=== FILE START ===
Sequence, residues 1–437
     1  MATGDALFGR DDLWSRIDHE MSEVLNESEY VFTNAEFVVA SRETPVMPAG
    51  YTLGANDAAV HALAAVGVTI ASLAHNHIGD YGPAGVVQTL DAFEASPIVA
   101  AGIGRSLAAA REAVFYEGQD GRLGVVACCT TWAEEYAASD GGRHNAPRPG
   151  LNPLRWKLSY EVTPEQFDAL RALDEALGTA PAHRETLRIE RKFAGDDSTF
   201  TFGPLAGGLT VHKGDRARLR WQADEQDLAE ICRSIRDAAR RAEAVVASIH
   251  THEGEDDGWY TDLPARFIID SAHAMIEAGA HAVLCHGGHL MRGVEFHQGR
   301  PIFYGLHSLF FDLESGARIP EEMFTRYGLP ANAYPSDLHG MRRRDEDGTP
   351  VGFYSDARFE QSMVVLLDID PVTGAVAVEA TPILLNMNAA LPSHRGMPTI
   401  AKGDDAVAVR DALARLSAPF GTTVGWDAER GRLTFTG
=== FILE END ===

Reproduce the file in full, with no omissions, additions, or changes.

Sequence, residues 1–437
     1  MATGDALFGR DDLWSRIDHE MSEVLNESEY VFTNAEFVVA SRETPVMPAG
    51  YTLGANDAAV HALAAVGVTI ASLAHNHIGD YGPAGVVQTL DAFEASPIVA
   101  AGIGRSLAAA REAVFYEGQD GRLGVVACCT TWAEEYAASD GGRHNAPRPG
   151  LNPLRWKLSY EVTPEQFDAL RALDEALGTA PAHRETLRIE RKFAGDDSTF
   201  TFGPLAGGLT VHKGDRARLR WQADEQDLAE ICRSIRDAAR RAEAVVASIH
   251  THEGEDDGWY TDLPARFIID SAHAMIEAGA HAVLCHGGHL MRGVEFHQGR
   301  PIFYGLHSLF FDLESGARIP EEMFTRYGLP ANAYPSDLHG MRRRDEDGTP
   351  VGFYSDARFE QSMVVLLDID PVTGAVAVEA TPILLNMNAA LPSHRGMPTI
   401  AKGDDAVAVR DALARLSAPF GTTVGWDAER GRLTFTG